I finally have a RISC-V based single board computer (SBC) – the Nezha from RV Boards shipped to me directly from China.
It’s tiny (about the same form-factor as a Raspberry Pi though) and relatively expensive (it cost me just over £100 to order and get it shipped here) but whilst I was slightly concerned I was being a bit naïve in buying it (as it was either a scam or it wouldn’t work), it boots (slowly) into Linux (see image) and works (slowly).
Can RISC-V cores (which are ‘open source hardware’ and free from licensing fees) break ARM’s grip on SBCs and similar devices? A year ago the answer looked like a very clear negative as, despite years of hype, RISC-V designs just weren’t moving off the page and into silicon. Now it looks much more uncertain as the Nezha is actually the second RISC-V SBC to ship (the other, the Beagle-V, has only been distributed to a select group of developers so far – and this didn’t include me despite my application – but is expected to be available globally in the autumn).
The plans are for RISC-V SBCs retailing for less than $20 inside a year and – crucially – for the RISC-V cores to feature vector extensions which could mean some interesting use-cases being opened up.
(If you want to know more about RISC-V or if you are thinking of starting a RISC-V assembly project I cannot recommend The RISC-V Reader highly enough.)
When I was much younger FORTH fascinated me as an alternative interpreted language for the Z80 eight-bit processor machines I was typically using.
Compared to BASIC – the language that the Sinclair ZX80, ZX81 and Spectrum came with – FORTH was reputedly lightening fast and very powerful.
My brother and I even obtained a tape copy of somebody’s FORTH for the ZX80 and we ran it – and it certainly was fast. But it also lacked the simplicity of BASIC and the tape was soon handed back.
But I’m back on the case again, inspired by this (long out of print but widely available on the web) book – Threaded Interpretive Languages – and by the prospect of a single board RISC-V computer – the BeagleV – coming out this year.
Currently I am targeting the PK proxy kernel on the Spike Risc-V emulator for RISCYFORTH but if and when I get a real BeagleV I’ll immediately switch to that (I applied to be an early user but have heard nothing so while the signs are that the project itself is making good progress it looks like I’ll have to wait to get my hands on one.)
I struggled with getting the mechanics of RISCYFORTH right for a long time but in the last week I’ve finally started to make serious progress and it actually does things (only in immediate mode for now). The picture shows my very first success with a multi-token command line from a couple of evenings ago and it’s come on a fair bit since then.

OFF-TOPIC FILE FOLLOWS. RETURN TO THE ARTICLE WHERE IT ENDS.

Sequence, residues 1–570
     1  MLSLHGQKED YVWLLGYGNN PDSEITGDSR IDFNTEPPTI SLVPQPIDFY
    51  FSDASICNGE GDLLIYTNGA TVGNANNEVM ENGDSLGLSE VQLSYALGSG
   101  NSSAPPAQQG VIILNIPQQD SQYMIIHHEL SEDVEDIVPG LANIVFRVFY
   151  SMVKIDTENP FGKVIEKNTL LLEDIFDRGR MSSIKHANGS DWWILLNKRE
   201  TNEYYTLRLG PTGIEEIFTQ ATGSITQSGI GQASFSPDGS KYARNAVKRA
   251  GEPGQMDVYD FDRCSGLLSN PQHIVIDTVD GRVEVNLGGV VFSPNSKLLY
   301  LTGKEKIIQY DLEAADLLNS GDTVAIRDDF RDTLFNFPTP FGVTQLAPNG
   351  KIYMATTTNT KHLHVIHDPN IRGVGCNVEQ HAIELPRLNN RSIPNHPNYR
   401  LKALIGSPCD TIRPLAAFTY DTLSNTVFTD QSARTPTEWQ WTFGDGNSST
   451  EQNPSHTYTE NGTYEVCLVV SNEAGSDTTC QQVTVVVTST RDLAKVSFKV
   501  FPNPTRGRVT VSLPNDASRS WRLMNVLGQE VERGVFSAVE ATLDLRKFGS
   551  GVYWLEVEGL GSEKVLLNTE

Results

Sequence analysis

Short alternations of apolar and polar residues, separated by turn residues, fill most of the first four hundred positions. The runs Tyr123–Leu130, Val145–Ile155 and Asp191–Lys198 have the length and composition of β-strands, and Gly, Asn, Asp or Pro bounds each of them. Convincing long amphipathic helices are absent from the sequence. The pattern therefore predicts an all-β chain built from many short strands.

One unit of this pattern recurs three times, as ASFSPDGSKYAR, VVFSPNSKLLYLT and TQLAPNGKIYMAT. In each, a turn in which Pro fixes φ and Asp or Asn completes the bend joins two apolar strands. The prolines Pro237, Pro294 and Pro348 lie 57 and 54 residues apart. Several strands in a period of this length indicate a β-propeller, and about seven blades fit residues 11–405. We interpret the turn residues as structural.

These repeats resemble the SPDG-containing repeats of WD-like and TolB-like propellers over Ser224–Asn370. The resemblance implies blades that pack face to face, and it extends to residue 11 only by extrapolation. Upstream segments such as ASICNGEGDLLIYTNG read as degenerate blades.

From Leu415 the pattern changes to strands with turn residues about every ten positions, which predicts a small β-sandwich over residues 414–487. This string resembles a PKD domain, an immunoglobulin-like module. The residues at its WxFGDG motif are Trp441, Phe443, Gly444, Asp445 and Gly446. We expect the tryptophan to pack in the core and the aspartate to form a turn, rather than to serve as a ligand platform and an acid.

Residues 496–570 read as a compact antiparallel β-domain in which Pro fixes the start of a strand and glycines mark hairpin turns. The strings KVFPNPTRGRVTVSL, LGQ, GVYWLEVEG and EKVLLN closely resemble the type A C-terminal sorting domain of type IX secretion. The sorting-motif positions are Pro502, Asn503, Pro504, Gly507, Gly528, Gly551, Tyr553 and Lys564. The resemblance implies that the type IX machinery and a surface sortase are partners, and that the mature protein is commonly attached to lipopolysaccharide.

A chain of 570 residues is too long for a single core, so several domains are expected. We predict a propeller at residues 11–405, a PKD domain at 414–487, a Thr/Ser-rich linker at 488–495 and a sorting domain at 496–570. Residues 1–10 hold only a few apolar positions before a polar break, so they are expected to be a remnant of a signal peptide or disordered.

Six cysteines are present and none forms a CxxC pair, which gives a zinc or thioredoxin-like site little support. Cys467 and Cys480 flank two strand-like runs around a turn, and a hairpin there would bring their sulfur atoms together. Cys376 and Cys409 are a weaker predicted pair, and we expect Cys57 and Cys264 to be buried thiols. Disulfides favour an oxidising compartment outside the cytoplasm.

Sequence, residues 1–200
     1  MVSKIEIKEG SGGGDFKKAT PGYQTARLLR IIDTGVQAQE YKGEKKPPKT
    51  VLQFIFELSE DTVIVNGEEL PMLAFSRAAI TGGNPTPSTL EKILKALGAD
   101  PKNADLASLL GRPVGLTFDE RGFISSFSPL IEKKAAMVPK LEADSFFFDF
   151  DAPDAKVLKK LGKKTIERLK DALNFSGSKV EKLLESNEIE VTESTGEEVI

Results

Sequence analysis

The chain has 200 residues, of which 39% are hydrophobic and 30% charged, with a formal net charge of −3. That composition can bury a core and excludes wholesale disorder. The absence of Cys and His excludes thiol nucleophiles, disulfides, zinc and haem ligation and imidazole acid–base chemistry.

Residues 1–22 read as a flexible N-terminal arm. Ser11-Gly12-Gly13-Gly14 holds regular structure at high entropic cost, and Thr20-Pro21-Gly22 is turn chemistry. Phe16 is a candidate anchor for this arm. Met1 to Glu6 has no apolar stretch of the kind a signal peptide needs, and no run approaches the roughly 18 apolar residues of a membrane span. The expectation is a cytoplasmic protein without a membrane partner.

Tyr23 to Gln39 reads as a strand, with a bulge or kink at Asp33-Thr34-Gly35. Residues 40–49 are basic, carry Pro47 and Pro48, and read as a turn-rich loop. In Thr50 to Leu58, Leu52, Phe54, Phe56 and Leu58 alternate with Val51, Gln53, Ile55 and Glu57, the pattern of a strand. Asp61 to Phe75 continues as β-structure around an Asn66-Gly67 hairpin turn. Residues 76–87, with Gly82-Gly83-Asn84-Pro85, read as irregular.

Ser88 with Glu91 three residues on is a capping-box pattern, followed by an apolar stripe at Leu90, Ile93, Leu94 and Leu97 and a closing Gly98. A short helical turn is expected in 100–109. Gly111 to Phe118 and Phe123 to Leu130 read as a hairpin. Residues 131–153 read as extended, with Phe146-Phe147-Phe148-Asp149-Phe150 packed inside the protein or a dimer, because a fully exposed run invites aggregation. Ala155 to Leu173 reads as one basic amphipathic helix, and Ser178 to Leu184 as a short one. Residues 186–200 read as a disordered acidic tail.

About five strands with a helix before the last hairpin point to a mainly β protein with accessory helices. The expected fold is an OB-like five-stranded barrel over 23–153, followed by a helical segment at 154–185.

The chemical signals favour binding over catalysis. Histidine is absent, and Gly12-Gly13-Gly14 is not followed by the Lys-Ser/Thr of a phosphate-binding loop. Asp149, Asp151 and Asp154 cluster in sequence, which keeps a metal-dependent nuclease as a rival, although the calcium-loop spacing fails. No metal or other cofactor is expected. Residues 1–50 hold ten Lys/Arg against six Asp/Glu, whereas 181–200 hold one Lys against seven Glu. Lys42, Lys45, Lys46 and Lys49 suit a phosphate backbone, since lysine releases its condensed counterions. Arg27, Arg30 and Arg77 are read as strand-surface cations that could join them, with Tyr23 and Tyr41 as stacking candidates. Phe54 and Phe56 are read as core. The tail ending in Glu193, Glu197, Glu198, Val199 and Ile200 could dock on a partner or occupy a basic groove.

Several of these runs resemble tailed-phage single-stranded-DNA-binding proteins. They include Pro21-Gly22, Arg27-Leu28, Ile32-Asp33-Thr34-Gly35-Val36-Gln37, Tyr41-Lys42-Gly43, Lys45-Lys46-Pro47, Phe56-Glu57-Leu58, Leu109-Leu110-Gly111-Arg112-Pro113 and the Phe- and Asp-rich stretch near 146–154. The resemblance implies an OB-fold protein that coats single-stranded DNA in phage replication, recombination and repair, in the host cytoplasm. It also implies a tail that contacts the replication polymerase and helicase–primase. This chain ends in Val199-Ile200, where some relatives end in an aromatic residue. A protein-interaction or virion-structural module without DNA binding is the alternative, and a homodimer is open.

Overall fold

It’s nowhere near a releasable state but it’s rapidly improving.
Why bother? Well I think it’s important that RISC-V succeeds as a disruptor of what is starting to look like an ARM monopoly and so contributing to the ecosystem of the first single board seriously affordable RISC-V device matters. And, of course, because it’s there.
Always yield to the hands-on imperative (from this classic).
Update: My brother actually thinks we borrowed somebody’s Jupiter Ace which was a Z80-based FORTH computer of a very similar size to a ZX81 – and I think he might be right.
A few years ago I set out to write a clone of Sinclair BASIC as a domain-specific language (DSL) in Groovy. The end result was BINSIC, but it was much closer to an interpreter than a DSL: it turned out that strange ways that Groovy handled capitalised function/closure names meant that I could not match keywords at all and so interpretation became the only option (though there were DSL-like features lurking under the covers).
Now I have set out to write an interpreter for RISCV assembly and have written something which is much more like a DSL. My aim was to track the memory reference patterns of various real-time benchmarks running on RISCV systems – based on the disassembly generated by Spike, the RISCV emulator.
Getting that done requires tracking register state – because in true RISC fashion reads and writes are done not to immediates, but to addresses held in registers with immediates used as offsets.
To make this happen every (or at least every used) RISCV instruction is mapped to a closure and the operands treated as closure parameters. The closures are all inside the RegisterFile class so all can access the registers to keep the state updated. This makes it quite like a DSL but I make no claims for purity: every statement is passed through a regular expression based interpreter to separate out the parameters: if nothing else that eliminates a lot of boilerplate code that would have to be stuck inside the closures.
Memory is treated as a sparse array through a Groovy Map instance – with an address (64-bit Long) mapped to an 8-bit Byte.
The process isn’t perfect – a disassembly doesn’t given you the contents of initialised data, so an attempt to access those addresses is quite likely to raise an exception which needs to be trapped and the memory accounted for – by simply assigning zero to the address: it’s a kludge but it seems to work.